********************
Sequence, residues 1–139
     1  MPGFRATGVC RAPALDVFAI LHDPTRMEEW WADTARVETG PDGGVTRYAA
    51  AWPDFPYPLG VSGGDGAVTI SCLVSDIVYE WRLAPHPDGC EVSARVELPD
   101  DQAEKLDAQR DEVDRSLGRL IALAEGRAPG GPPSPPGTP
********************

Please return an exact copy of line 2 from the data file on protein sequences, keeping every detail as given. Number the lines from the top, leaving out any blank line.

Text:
     1  MPGFRATGVC RAPALDVFAI LHDPTRMEEW WADTARVETG PDGGVTRYAA